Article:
One of my favorite movies is Into the Wild. There’s also a book that tells the story of Christopher McCandless, a man who leaves behind the norms and demands of current society to rough it in the wild. Part of what fuels him is his resentment of his family and how he feels that what he believed in growing up isn’t the truth. At the end of all of his solo journey he concludes that happiness is only real when shared.

Love really does make the world go around.

When I finally hit the bottom after three months of rejecting and pushing away the help that people who loved me were trying to give me, the only thing that helped me to pick up my phone for help was love.

I was the lowest I had ever been. I really cannot explain what it was like, but I can tell you that it was the most pain that I’ve ever been in in my life. I believed that I would never be well again, that happiness wasn’t real… that nothing was real. I wished I hadn’t ever been born; I did not want to live. I lay on my bed crying, feeling utterly trapped. Suicide did seem like a way out- it felt like the only way out. Yet I couldn’t consider it, because I didn’t want to hurt all the people that loved me. Then I figured that if nothing else was real, love was. And with that thought, I picked up the phone and dialed the number for the person who I knew loved me most unconditionally- my mom.

Love is real. When nothing else makes sense, when all else fails, love is real.

It doesn’t always make sense. Love will make you do things that you wouldn’t otherwise do. It is the only motivation behind selflessness. And when there’s no other way out, love is there. It is real.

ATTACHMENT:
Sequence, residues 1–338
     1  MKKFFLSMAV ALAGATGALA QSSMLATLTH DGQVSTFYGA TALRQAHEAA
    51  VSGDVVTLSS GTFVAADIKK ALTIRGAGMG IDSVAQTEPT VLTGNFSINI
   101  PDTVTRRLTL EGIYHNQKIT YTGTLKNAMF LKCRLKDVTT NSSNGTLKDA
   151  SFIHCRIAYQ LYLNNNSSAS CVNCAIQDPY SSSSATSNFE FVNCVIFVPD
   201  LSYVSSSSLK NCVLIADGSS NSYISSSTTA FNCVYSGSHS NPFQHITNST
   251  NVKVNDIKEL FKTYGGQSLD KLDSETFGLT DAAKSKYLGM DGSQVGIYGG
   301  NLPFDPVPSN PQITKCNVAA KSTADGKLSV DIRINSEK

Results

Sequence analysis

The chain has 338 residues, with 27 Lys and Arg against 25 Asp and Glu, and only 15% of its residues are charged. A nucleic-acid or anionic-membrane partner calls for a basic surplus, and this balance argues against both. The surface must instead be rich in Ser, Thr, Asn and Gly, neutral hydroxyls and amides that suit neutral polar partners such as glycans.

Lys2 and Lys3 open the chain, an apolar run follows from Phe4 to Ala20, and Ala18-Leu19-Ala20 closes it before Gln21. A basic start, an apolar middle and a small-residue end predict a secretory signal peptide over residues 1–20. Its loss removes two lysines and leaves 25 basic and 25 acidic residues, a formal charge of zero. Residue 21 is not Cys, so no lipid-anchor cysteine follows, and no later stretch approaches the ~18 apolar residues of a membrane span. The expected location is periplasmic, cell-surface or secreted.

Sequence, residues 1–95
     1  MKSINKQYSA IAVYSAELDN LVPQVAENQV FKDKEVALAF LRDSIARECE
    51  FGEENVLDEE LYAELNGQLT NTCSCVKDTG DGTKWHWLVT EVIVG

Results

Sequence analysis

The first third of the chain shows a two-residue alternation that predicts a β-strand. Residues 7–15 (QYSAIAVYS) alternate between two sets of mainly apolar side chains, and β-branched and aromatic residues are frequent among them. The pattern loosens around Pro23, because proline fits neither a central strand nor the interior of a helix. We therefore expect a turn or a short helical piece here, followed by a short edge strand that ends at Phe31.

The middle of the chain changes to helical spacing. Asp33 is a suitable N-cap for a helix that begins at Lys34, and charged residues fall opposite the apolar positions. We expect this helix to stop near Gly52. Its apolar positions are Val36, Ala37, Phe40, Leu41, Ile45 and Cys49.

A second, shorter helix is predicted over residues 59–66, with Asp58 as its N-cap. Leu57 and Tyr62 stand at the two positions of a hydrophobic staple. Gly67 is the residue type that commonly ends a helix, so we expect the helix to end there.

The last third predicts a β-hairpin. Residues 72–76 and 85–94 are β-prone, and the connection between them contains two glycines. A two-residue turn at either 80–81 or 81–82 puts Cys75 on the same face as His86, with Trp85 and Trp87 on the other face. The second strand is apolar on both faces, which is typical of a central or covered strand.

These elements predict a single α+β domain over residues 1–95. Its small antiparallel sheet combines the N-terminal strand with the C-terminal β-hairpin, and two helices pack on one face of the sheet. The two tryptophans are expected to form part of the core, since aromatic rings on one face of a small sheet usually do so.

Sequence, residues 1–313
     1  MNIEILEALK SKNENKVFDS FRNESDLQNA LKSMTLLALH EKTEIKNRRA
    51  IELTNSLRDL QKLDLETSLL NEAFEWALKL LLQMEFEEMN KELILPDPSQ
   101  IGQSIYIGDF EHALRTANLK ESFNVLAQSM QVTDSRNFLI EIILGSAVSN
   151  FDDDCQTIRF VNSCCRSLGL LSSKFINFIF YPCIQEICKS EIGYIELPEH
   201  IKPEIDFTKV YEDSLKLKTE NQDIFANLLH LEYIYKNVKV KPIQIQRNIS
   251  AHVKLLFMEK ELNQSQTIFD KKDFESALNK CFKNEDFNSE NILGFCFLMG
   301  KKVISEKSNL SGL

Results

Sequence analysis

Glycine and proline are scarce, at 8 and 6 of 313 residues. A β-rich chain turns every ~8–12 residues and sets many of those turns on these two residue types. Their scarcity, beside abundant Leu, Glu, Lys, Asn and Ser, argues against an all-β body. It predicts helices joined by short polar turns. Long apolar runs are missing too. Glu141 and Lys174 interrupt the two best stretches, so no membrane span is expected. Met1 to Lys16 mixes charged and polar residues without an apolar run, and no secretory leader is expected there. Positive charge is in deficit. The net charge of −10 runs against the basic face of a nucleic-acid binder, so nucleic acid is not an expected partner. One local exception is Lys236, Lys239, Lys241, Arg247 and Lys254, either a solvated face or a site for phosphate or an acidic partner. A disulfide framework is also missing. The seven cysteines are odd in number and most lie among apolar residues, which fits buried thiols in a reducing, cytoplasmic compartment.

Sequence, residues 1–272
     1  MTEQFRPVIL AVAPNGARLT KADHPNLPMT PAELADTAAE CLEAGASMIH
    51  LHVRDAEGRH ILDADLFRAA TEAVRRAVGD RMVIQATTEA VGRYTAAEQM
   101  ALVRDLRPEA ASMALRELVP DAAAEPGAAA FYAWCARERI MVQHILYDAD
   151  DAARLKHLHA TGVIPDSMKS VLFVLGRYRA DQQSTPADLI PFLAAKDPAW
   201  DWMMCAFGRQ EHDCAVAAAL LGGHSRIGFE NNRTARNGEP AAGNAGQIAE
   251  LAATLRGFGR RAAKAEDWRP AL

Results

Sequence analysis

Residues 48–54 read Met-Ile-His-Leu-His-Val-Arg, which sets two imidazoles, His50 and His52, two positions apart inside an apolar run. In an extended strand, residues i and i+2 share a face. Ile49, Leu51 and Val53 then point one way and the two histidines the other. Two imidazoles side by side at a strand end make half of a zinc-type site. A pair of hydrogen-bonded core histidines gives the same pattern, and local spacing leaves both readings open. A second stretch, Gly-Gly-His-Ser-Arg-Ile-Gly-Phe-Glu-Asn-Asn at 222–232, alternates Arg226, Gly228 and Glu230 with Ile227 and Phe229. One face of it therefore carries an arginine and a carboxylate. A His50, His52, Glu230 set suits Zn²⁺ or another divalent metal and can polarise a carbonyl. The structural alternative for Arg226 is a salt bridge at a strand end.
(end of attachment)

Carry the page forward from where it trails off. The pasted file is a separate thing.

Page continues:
I’ve felt like Christopher McCandless many times. I’ve felt that my family was based on lies.. that what I was taught growing up was a lie. And it drove me from my family. I let the anger and resentment grow just as Christopher McCandless did. When all this started happening in November, I pushed away my family’s help more forcefully than anyone else’s. You want to love me now? You want to be there for me now? I thought.

Yet when I hit bottom, there they were… waiting for me.

Accepting their love didn’t make all the issues go away, but it was the best decision I made during all those months.

I keep talking about this foundation that I lost… and that I’m trying to rebuild again. Well, one thing I know that needs to be plastered down into that foundation is love. That is the first block that I choose to lay down.

I’m still lost. The last week or so has been really rough. I went to the doctor yesterday and he increased the dosage of both the mood stabilizer and the anti-depressant. I’m really hoping that will do the trick. Starting a new and different medication would be a lot more complicated. I was making progress with what I’m on, so hopefully just increasing the dosage will work.

I had a good talk with my mom last night. I cried… I told her I felt like a prisoner in this. She hugged me and said, “You know I would do anything to help you.” She was crying too. I was too choked up to say it, but she already is doing more than I can even ask.. loving me unconditionally. It’s ironic- my family used to be the reason behind my sadness, but now my family is the solid ground beneath my feet, enabling me to find my way on this scary journey.

Yeah… love is real.